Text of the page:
With seamless switching between windows (I’m envisaging a cool ‘Portal’ effect) you can enter the gaming worlds as if they were an extension to your VReality.  One minute you’re checking your bank statements and mailing your mum for more tea, the next you’re stepping through a shimmering portal to raid a dungeon in Skyrim. And when you want to come back?  “I need an exit!!”.  I cannot wait.  It begs the questions as to whether you could get lost in a maze of recursive environments (a la ‘Inception’), but it sounds like an interesting problem to have.


Now, if you’ve been using one of the many social networking or community platforms (including forums, chats, sharing and Q&A sites), you’ve probably come across an increasingly popular interface dynamic: Gamification.  Broadly speaking, this is the attempt to make fairly functional or dull interactions more rewarding.  Facebook introduced ‘likes’ as a means to show appreciation and they quickly became a benchmark for popularity and status, as if Facebook was now an RPG for some people.  Forums have similar methods; popular or frequent posters are given elevated privileges – amounting to a higher status among the community.  Badges, buttons, reactions, seals and stars are all ways that interfaces are providing feedback on our ‘progress’ as an interface user.

= New Role Playing Generation

It is starting to look like virtual reality is the interface solution to a problem that was just forming in the minds of screen-strapped users.  So much information, so few monitors.  Let’s look at the advantages of a VR operating system that lets you maintain a consistent virtual space.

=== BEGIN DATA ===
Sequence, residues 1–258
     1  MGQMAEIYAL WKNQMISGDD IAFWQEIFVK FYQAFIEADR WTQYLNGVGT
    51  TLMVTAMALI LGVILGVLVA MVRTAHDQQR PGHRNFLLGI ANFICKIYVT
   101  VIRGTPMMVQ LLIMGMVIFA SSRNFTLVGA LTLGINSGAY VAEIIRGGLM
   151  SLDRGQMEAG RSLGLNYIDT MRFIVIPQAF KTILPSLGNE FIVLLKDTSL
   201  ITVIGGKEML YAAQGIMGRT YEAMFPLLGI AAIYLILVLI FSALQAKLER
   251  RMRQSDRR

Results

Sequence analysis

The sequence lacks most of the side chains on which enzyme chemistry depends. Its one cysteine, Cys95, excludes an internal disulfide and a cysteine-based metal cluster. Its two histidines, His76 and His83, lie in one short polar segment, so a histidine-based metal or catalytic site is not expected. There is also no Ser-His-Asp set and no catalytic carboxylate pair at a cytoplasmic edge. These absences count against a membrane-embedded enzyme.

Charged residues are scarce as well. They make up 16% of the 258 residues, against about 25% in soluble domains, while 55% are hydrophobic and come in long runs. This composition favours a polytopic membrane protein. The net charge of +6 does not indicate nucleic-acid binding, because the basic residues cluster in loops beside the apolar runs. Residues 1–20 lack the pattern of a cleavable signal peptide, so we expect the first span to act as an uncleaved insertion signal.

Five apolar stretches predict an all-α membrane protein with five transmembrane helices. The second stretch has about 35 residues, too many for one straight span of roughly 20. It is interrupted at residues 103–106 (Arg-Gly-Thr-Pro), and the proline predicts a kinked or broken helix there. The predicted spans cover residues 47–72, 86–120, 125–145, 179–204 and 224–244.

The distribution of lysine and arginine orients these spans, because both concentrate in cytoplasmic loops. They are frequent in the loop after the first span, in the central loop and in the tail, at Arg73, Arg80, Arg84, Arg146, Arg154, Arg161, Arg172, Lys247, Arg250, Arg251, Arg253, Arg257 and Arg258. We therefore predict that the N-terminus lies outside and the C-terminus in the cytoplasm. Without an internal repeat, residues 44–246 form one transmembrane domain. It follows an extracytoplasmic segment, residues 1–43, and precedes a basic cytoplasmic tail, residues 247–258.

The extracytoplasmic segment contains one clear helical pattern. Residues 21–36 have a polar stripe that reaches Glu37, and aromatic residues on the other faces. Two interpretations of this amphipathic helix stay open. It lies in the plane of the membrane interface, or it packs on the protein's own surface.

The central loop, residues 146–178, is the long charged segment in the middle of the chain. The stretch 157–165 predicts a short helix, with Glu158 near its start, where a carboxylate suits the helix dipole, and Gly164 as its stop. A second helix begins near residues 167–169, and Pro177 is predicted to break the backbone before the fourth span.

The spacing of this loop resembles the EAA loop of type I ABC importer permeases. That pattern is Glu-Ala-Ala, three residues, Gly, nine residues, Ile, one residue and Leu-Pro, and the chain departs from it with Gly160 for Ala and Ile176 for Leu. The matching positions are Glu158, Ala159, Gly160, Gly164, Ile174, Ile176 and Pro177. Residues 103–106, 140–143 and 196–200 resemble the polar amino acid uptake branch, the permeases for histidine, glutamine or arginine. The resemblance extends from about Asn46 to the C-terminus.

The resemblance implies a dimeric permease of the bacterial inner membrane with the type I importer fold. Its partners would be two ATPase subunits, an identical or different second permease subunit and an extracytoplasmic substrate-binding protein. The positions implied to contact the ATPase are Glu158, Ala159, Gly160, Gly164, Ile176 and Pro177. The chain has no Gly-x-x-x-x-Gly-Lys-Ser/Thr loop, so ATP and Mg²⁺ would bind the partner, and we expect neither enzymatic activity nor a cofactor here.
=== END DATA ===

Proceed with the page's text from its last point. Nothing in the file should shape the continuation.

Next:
1. Secluded: no one can bother you here – unless you want them to.
  2. Screen real-estate: No more 12-foot desks to house your sprawling monitor collection.
  3. All your research laid out on one virtual desktop: all your info at a glance (or turn of the head)
  4. Really immersive, consistent headspace for the task at hand.
  5. Highly configurable desktop/dashboard (more space, more options)
  6. Dynamic: add, remove, move or scale your virtual monitors as requirements dictate.

What about the disadvantages?

  1. Surprise Ninja attacks.
  2. Reality seeming horribly inefficient by comparison.

One thing is for sure: It’s going to take some getting used to.  Touch-typing will be a great benefit (though controls can be rendered on-screen, they’d have to be synched with the head position via a camera).  Assuming people are willing to adapt to this new challenge for the benefits above, we’ll be developing our virtars and customising their (our) environments to suit.  With such high immersion, we’ll become more and more attached to our virtars.  The rising number of possibilities for gamification have the potential to make operating this environment a truly engrossing experience. Mundane administrative tasks can be off-loaded to the virtual world; where levelling-up, bonuses and flashy graphics make it a tolerable, even fun, experience.   The people that excel at productivity in such a uniquely customisable environment will surely set the benchmark for the next generation.

Toby Worth

Toby Worth

Project Lead at VR-Gaming
I'm an incorrigible space cadet and a proper Knerd (crusading nerd).
Really enjoying things now the 21st century is getting into full-swing.As a self-appointed evangelist of ideas that are ahead of their time I will happily talk at you over ale.
Toby Worth